Demystifying the Social Web


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Slides for a talk on "Demystifying the Social Web" given by Brian Kelly, UKOLN at the Readeast's "R-e-@ding: reaching out to readers in a digital world" Conference held in Flitwick on 26 November 2009.


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Demystifying the Social Web

  1. 1. Demystifying the Social Web Brian Kelly UKOLN University of Bath Bath, UK UKOLN is supported by: This work is licensed under a Attribution-NonCommercial-ShareAlike 2.0 licence (but note caveat) Acceptable Use Policy Recording of this talk, taking photos, discussing the content using email, Twitter, blogs, etc. is permitted providing distractions to others is minimised. Resources bookmarked using ‘ readeast-2009 ' tag Email: [email_address] Twitter: Blog: Twitter hashtag: #readeast09
  2. 2. About Me <ul><li>Brian Kelly: </li></ul><ul><ul><li>National Web adviser to UK Universities and cultural heritage organisations </li></ul></ul><ul><ul><li>Based at UKOLN, a national centre of expertise in digital information management and located at the University of Bath </li></ul></ul><ul><ul><li>Involved in Web since January 1993 </li></ul></ul><ul><ul><li>Over 300 presentations given since 1997 </li></ul></ul><ul><ul><li>Current area of interest include Web 2.0, Web standards and Web accessibility </li></ul></ul>Introduction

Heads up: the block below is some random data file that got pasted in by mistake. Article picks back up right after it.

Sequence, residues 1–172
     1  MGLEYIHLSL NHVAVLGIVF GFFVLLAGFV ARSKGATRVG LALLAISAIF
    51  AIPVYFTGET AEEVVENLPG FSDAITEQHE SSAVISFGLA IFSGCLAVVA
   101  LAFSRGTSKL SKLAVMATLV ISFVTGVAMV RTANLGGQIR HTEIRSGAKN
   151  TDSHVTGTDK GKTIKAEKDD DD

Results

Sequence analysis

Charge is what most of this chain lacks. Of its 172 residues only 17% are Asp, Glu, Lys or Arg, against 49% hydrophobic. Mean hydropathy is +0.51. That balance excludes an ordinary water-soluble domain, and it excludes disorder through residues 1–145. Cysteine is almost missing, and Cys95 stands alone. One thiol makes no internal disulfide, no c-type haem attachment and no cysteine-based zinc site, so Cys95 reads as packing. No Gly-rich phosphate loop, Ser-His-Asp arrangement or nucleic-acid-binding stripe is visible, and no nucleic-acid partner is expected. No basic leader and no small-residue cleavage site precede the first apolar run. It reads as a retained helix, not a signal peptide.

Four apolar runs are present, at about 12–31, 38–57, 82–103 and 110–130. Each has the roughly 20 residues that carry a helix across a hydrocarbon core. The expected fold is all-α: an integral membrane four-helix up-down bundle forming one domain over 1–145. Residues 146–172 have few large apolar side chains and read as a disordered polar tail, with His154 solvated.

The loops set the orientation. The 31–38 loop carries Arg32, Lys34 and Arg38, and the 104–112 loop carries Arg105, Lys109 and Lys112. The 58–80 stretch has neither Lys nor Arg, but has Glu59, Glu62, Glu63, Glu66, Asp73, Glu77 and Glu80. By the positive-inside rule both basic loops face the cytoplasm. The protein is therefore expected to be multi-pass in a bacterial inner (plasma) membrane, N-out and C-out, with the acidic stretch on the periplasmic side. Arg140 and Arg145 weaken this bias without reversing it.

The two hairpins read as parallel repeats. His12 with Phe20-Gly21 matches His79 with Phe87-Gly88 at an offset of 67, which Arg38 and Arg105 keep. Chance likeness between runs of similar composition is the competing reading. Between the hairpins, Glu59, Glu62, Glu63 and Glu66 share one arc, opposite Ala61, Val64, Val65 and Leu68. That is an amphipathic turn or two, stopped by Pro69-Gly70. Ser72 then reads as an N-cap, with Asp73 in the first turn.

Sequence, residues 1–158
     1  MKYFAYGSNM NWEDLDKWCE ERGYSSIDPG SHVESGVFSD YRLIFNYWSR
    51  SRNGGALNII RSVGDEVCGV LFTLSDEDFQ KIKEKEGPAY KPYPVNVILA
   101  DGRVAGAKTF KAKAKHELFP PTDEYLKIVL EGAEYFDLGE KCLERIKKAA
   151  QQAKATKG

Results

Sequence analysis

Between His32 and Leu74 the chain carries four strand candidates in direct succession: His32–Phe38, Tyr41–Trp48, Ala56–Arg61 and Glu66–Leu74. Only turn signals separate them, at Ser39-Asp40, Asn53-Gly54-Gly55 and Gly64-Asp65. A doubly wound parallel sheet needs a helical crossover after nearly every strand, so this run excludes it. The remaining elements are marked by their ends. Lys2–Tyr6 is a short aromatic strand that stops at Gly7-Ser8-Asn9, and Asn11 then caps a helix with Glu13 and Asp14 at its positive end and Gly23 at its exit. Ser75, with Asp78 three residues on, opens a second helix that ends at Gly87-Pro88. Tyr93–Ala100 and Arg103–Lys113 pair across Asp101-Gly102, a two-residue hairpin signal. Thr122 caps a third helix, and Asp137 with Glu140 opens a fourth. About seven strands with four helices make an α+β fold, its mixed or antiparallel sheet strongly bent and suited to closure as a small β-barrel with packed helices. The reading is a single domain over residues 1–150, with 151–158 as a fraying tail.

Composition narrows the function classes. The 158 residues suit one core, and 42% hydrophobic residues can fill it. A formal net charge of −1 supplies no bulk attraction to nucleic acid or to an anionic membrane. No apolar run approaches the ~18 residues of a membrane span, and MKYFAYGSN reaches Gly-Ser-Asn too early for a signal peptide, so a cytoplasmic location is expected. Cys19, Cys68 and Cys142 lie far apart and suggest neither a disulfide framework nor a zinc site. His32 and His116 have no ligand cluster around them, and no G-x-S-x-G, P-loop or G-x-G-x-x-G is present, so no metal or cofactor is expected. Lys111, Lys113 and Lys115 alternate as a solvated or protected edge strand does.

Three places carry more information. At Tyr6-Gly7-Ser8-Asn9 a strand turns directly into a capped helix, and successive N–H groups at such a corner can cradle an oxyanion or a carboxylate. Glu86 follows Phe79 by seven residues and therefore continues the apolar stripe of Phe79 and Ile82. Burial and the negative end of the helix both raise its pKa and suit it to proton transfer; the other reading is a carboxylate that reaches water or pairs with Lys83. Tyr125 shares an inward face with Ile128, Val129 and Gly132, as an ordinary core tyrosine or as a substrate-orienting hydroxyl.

3. 3. About This Session <ul><li>This session provides: </li></ul><ul><ul><li>A summary of the Web 2.0 and what it is </li></ul></ul><ul><ul><li>An introduction to various Social Web services </li></ul></ul><ul><li>Small group activity on identifying: </li></ul><ul><ul><li>Potential benefits of the Social Web </li></ul></ul><ul><ul><li>Barriers to deployment of such services. </li></ul></ul><ul><li>The session will conclude by outlining approaches to addressing the barriers. </li></ul>
  4. 4. Using Tools I Talk About <ul><li>Use of Web 2.0 technologies & approaches: </li></ul><ul><ul><li>RSS feeds for structured information </li></ul></ul><ul><ul><li>Geo-location data </li></ul></ul><ul><ul><li>Exploitation of 3 rd party services </li></ul></ul><ul><ul><li>Openness of resources </li></ul></ul><ul><ul><li>Risk assessment / management approaches </li></ul></ul>Talks given in 2008 covered Web 2.0, accessibility & standards. Introduction Note also use of blogs, video blogs, YouTube, Twitter, …